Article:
WrestleMania planned for Gronk Gone Wild.
Rob Gronkowski is set to host WWE’s signature show. But the frivolity — and perhaps the physicality if a wrestler dare gets in the retired New England Patriots star’s face — is now playing strictly to an audience of TV and streaming media viewers.
For WrestleMania ticket-buying fans, that’s as unwelcome as a steel chair to the back.
Raymond James Stadium in Tampa, Florida, the scheduled site of WrestleMania, is closed.
While real sports have shut down because of the coronavirus pandemic, WWE has pressed on and continued to produce programming three nights a week. The shows have featured a mix of classic matches, interviews and even empty-arena matches.
WrestleMania has run in front of massive crowds inside football stadiums every year since 2007, and Sunday’s show was set to take place at the home of the Tampa Bay Buccaneers. WWE stood firm that the show must go on and largely moved a card highlighted by stars Brock Lesnar and John Cena to its performance center in Orlando, Florida.
WWE also spread the card for the first time in WrestleMania over Saturday and Sunday to make room for roughly 16 matches. WrestleMania is $29.99 for each night on pay-per-view. and it also streams for subscribers on the WWE Network. The WrestleMania kickoff show airs on FS1 and ESPN has also aired classic WrestleManias to hype the big show.
“We just feel like it is the right time,” WWE executive and wrestler Paul “Triple H” Levesque said. “We’re slightly different than other sports or entertainment where you have to travel massive groups of people to other cities, then take those massive groups of people and transport them to other cities.
“It’s really difficult to do, even without fans, in a safe and effective manner. For us, it was trying to continue to try and put on the product and do it as safely as possible, and we feel like we’ve been able to do that.”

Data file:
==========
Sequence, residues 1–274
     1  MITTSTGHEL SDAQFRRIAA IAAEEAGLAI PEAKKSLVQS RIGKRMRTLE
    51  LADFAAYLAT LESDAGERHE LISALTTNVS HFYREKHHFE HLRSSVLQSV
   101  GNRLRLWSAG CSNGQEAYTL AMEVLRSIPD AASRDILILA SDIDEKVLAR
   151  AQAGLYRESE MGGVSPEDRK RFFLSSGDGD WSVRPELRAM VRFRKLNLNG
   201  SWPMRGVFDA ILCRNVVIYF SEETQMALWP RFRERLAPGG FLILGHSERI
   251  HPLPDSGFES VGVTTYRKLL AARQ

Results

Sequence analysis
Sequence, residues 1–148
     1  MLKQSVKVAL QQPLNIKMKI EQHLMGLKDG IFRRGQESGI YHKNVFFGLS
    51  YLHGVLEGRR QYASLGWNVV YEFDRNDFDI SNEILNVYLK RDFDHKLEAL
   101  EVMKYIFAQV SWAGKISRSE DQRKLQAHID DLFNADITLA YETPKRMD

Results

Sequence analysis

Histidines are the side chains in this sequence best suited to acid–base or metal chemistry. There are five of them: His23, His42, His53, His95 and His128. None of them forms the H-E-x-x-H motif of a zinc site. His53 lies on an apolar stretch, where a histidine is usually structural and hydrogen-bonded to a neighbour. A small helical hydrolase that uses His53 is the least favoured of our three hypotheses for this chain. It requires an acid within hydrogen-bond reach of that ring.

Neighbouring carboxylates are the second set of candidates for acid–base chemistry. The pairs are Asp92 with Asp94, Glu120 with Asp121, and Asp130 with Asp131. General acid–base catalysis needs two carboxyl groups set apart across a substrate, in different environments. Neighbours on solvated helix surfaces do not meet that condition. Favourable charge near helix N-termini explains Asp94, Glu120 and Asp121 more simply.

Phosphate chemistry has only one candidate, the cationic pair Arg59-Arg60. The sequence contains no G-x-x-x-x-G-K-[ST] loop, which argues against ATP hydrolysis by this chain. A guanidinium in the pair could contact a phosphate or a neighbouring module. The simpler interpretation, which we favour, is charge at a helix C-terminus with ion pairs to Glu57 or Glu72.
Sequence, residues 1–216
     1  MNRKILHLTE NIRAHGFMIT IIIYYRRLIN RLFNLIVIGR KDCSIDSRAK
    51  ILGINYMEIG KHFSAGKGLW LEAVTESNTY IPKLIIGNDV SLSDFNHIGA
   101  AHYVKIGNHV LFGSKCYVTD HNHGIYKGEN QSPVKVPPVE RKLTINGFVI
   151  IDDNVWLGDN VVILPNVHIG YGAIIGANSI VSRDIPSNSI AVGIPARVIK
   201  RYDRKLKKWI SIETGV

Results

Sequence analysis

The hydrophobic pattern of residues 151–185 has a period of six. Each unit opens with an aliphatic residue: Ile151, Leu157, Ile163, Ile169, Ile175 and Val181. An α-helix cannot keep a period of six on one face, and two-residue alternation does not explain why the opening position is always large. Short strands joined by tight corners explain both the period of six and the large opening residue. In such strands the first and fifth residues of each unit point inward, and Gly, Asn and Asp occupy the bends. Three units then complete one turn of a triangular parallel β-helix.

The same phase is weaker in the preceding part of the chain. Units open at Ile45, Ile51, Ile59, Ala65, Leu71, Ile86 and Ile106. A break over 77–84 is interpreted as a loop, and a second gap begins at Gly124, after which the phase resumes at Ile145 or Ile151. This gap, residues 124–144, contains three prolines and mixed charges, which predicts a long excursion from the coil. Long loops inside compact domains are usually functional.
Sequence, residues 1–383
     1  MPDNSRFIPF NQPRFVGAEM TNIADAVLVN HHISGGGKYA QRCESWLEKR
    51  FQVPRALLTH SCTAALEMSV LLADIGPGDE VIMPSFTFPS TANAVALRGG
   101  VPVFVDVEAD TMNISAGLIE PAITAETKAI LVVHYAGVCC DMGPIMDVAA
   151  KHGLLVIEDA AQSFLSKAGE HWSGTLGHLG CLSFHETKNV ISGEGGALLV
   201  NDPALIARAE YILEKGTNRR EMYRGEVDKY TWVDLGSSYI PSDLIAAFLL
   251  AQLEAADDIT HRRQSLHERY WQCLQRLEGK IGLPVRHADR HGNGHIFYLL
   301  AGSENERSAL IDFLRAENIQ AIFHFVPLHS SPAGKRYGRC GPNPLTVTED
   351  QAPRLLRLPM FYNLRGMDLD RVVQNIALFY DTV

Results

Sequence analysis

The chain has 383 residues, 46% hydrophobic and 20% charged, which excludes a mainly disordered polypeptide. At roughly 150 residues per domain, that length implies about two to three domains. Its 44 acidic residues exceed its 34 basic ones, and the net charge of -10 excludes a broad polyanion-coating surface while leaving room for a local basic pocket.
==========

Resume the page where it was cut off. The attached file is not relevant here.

Levesque said most of WrestleMania has been taped, though there are “live components” to the two-day show.
The card has been besieged by rumors of major match shake-ups, notably the apparent removal of top star Roman Reigns, who disclosed in October 2018 his leukemia had returned. Reigns was scheduled to face Bill Goldberg but declined on an Instagram video to get into details of his withdrawal.
Levesque said there were “no ramifications” for any performer, staff or crew who declined to participate in WrestleMania or other events. He added no performer to his knowledge has tested positive for the virus and the company has adhered to social gathering and CDC guidelines.
WWE, propped by billion-dollar TV deals and lucrative deals with Saudi Arabia, is surely shaking its head at the sudden downturn.
This week’s “Raw” sunk to a decidedly low 1.92 million viewers, yet enough to rank in the top five of cable rankings for the night.
“My initial disappointment and rage turned into, wait a minute, that’s a very selfish way of looking at it,” McIntyre said. “People are sitting in right now and need something right now. WWE is providing it to them.”
Perhaps not for long. Florida issued a statewide stay-at-home order Wednesday that could put WWE down for the three count when it comes to future TV tapings.
“We can do so many different things and really get outside the box on stuff,” Levesque said. “If there’s a way for us to do it, we’ll continue for as long as we possibly can.”
So strike up the theme music, ignite the pyrotechnics and let the sounds from the sofa serve as the soundtrack for this year’s show.
“WrestleMania won’t be the spectacle that it would have been,” Levesque said, “but it will be a spectacle nonetheless.”